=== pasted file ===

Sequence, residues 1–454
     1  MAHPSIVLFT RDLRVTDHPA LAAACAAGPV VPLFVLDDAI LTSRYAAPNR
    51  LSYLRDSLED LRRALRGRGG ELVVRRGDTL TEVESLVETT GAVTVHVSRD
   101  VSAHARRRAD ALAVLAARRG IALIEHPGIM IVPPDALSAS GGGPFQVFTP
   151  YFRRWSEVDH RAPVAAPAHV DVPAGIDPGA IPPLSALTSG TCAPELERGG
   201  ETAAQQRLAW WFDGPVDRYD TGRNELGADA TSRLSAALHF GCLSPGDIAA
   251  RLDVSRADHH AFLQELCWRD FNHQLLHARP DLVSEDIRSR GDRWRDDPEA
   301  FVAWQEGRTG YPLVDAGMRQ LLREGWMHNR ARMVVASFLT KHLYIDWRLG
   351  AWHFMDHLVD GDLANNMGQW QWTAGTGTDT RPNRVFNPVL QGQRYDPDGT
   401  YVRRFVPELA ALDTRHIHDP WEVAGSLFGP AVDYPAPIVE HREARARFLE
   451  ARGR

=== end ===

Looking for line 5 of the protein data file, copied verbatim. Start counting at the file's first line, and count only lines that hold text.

   151  YFRRWSEVDH RAPVAAPAHV DVPAGIDPGA IPPLSALTSG TCAPELERGG